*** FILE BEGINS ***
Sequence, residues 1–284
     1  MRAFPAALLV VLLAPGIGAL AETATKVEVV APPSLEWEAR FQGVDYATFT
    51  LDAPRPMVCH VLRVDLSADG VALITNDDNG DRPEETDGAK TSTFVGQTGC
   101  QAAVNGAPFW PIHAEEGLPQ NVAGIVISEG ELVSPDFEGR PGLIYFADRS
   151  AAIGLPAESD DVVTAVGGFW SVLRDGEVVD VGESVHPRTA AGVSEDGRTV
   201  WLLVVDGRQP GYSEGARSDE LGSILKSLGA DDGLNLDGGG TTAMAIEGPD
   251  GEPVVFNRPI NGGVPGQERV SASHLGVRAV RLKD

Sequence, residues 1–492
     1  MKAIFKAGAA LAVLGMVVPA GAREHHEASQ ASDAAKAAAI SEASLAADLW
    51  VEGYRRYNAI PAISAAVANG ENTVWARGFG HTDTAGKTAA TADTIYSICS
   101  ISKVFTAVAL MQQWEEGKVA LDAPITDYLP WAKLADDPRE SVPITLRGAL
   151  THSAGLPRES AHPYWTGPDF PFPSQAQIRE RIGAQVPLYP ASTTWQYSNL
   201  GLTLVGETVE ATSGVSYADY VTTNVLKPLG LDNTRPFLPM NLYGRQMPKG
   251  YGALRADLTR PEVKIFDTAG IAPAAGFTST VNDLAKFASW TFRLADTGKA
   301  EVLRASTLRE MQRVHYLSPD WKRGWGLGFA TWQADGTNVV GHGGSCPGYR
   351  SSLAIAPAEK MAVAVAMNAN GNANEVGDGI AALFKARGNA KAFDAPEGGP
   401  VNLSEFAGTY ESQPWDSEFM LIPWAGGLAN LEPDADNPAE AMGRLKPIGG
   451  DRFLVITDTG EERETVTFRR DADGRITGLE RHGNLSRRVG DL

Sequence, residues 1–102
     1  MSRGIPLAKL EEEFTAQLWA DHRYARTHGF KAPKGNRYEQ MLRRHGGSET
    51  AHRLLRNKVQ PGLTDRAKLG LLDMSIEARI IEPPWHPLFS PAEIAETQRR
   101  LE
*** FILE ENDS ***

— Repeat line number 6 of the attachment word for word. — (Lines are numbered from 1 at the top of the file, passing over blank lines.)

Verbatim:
   201  WLLVVDGRQP GYSEGARSDE LGSILKSLGA DDGLNLDGGG TTAMAIEGPD